An important visitor was in attendance as the Denver Broncos held their seventh practice of training camp. On the doorstep of his induction into the Pro Football Hall of Fame this weekend, Peyton Manning was on site Wednesday to scrutinize how the Broncos' quarterback competition is shaping up.
For the past two offseasons, 'The Sheriff' assumed a mentorship role with Broncos QB Drew Lock, which seemed to increased in intensity this year, leading one to only assume the NFL's only five-time MVP still has a vested interest of sorts in the outcome.
In the full view of the legendary former Bronco, Lock threw a red-zone pass that was picked off by safety Justin Simmons. Broncos Country collectively let out a sigh as the 24-year-old's turnover issues reared up yet again.
It was an especially frustrating interception because Lock had been orchestrating a smooth two-minute drive downfield from his own 25-yard line before coughing the ball up as head coach Vic Fangio sounded the final horn to end the practice. Afterward, Lock admitted to feeling frustrated at what he described as a decision-making error.
“First off, take care of the ball. Don’t make that decision down there,” Lock said post-practice. “[I] was halfway between running and halfway between throwing. Just make a better decision.”
If Lock has an edge in his ongoing battle with veteran Teddy Bridgewater for the starting job, it’s having increased arm strength and mobility which lends itself to making more off-script plays. On this occasion, Lock paid the price for forcing the ball, and consequently, it concluded practice on a bum note for the offense.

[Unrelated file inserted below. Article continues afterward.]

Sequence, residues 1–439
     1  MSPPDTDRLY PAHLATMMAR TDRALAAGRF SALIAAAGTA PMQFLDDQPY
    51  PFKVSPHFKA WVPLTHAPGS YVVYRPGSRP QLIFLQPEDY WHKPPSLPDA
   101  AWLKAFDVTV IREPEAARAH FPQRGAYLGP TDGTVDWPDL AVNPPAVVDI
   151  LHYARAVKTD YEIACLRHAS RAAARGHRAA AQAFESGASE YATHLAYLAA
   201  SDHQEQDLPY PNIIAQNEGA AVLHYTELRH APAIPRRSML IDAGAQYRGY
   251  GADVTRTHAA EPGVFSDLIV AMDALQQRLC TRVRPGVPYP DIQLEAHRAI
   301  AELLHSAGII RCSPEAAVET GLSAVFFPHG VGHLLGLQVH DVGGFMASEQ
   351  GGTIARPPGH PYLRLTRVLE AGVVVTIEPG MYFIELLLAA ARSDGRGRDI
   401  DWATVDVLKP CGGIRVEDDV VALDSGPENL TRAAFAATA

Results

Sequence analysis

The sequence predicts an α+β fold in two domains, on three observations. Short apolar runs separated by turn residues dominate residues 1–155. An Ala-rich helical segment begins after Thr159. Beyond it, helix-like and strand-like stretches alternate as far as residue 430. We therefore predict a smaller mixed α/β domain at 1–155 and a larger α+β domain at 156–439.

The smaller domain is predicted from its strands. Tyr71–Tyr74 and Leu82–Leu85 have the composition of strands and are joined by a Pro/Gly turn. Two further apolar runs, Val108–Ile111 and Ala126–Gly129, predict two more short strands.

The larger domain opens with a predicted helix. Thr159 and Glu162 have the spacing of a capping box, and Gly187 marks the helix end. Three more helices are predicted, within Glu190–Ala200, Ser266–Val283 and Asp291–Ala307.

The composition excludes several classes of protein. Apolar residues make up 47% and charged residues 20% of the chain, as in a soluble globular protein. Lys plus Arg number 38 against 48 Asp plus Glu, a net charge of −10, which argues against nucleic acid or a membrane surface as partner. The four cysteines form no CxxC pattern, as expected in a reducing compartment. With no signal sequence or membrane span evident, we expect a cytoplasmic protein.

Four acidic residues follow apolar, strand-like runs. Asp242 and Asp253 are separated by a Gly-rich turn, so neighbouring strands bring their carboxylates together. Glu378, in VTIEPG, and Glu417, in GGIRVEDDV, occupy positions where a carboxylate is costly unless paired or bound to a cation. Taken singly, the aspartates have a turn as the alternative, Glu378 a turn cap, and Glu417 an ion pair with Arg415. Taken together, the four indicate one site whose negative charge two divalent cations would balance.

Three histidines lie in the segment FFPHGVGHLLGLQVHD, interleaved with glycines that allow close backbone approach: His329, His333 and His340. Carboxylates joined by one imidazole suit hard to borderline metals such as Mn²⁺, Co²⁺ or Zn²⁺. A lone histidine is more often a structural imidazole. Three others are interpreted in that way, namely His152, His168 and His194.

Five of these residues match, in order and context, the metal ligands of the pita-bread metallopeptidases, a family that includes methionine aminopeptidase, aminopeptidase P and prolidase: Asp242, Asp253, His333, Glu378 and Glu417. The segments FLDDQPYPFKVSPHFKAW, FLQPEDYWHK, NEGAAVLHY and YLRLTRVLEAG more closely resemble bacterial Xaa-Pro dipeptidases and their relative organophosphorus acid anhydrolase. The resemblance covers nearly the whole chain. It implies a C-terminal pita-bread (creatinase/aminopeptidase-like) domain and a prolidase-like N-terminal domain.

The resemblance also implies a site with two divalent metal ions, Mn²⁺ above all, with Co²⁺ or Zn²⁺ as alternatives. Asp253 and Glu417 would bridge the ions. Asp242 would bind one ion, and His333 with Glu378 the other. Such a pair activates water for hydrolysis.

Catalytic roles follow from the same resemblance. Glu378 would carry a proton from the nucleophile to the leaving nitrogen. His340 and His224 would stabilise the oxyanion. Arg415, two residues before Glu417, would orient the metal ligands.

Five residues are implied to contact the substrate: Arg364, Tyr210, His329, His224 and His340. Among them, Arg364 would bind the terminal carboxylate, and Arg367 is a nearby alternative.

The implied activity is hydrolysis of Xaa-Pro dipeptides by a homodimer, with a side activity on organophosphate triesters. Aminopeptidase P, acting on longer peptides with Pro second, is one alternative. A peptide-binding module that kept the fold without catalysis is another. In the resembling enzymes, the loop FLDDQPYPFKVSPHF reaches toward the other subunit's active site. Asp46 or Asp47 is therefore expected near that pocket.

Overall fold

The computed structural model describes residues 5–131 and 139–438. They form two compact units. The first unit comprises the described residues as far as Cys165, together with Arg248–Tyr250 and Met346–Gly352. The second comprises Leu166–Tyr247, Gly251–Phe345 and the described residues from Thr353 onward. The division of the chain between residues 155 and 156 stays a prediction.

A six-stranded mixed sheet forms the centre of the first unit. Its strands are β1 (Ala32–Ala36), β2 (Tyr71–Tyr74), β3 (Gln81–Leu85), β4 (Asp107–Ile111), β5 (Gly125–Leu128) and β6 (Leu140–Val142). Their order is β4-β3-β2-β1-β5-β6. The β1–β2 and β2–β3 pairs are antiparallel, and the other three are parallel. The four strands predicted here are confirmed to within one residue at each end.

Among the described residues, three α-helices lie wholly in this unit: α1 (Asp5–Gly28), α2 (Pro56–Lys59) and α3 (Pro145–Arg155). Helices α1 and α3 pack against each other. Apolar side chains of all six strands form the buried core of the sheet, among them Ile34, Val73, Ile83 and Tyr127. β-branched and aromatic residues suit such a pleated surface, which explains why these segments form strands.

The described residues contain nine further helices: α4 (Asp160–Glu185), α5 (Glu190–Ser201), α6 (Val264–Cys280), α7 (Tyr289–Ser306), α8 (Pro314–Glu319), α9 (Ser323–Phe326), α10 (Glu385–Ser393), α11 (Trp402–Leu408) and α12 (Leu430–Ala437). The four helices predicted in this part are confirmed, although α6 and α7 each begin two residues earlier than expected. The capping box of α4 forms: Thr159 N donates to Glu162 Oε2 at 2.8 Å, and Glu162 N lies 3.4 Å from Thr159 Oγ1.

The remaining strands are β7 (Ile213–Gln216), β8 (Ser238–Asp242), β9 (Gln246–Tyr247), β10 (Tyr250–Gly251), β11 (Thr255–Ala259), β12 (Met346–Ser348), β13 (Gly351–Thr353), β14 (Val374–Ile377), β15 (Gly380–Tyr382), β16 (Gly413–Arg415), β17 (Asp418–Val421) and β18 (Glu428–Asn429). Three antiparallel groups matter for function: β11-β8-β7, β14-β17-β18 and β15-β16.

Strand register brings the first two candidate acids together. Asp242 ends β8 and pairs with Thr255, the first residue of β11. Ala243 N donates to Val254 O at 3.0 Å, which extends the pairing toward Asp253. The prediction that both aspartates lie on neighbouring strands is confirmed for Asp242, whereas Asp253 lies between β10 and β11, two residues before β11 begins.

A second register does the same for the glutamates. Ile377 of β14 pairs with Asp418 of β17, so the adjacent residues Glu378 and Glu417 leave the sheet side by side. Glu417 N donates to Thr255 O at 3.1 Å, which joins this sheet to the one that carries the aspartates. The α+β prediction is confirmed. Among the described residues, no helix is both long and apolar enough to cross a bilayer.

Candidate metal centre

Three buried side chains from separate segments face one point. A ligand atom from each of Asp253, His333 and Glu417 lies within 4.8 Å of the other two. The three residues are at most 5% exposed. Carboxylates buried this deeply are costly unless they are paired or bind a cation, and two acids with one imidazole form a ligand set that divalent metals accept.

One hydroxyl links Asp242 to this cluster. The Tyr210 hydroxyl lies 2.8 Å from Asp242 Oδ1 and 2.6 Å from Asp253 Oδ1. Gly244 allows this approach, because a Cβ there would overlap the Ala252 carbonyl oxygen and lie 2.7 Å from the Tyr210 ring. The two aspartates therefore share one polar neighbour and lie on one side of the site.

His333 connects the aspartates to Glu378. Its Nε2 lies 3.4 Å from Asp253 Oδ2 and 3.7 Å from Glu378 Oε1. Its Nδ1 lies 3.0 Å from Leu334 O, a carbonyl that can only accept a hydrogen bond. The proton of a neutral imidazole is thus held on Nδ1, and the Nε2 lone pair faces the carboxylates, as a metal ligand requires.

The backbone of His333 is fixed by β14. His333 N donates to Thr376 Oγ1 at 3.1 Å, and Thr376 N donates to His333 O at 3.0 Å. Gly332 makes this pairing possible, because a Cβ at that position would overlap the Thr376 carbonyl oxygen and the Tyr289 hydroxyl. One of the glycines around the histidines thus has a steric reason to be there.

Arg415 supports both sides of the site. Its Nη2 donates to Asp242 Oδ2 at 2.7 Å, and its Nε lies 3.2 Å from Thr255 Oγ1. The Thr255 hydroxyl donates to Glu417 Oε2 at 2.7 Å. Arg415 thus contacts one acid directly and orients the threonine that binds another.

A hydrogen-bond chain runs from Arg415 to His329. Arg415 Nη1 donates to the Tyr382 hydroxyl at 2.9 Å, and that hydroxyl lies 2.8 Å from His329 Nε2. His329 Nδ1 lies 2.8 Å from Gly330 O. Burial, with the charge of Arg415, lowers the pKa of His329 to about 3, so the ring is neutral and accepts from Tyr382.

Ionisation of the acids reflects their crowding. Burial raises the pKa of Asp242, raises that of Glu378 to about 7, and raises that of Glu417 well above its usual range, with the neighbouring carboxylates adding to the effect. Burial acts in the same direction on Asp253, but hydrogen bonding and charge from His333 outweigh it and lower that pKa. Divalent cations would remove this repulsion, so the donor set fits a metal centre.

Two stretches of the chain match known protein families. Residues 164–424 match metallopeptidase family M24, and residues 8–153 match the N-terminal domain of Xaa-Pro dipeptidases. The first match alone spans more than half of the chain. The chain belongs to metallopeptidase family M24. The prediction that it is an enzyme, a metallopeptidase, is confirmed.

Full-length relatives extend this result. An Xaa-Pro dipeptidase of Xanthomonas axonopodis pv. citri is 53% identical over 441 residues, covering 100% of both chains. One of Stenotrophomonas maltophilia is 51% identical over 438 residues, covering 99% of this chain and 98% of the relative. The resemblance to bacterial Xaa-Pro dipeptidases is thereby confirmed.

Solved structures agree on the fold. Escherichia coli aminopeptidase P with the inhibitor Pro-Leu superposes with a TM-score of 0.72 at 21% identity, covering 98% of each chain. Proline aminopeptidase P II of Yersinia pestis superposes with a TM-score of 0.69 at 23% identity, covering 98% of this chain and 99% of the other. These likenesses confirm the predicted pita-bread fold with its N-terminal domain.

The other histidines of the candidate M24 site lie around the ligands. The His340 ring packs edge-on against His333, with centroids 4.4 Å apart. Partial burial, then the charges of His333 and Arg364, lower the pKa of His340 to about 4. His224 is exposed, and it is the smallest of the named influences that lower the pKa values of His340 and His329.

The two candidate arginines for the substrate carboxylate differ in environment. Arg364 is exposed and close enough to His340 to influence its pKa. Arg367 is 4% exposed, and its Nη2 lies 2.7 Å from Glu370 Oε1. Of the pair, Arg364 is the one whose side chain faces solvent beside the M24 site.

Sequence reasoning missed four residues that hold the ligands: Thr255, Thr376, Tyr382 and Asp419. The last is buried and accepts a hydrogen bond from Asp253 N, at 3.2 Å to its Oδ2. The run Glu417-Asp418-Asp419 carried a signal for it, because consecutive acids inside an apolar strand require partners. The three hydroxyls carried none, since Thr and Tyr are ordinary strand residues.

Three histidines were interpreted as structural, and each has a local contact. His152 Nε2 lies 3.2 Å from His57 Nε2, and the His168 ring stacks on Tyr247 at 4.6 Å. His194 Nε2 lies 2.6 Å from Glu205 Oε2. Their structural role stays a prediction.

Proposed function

Lock admitted he needed to dive back into the tape to fully divine what happened on the play and articulated just how tough the first- and second-string defensive units are to go against in practice.
“I think I need to start watching Justin Simmons tape on my free time, just to make sure nothing like that happens again,” Lock said ruefully. “Both our defenses are good."
Taking time to reflect on mistakes would be beneficial for the third-year signal-caller. Self-scouting always worked for Lock’s Hall-of-Fame-bound mentor. Seven days deep into camp, neither Lock nor Bridgewater has created a quantifiable separation between them, and that could be more worrying for the former than the latter.
Lock’s post mortem sounds like it could cause him some sleepless nights, but it could provide fans with the first meaningful sign that he's starting to feel the pressure of this competition. Lock's tone shifted to one of introspection when elaborating on the aftermath of throwing that interception to Simmons.
“It does sting. We’re going to go learn and we’re going to go watch it," Lock said. "It’s more of those dudes getting to go in the locker room and give you a little slap [on the butt]. We have to wait two days until we can come out here and get me one. They get the better of you, and that’s that. You have to take it like a man and go in there with a smile on your face and say, ‘Hey, good play.’
Lock will live to fight another day but there are only so many such practices left in the balance before big mistakes that lead to a turnover, like the one that ended Day 7's practice, could decide the young gunslinger's fate for him. As the Broncos enjoy what remains of their off-day, it'll be interesting to see whether Lock rebounds on Friday when the cleats hit the grass at UCHealth Training Center.
Keep it locked with Mile High Huddle as we have Luke Patterson at Broncos camp daily to report on how this team is coming together.
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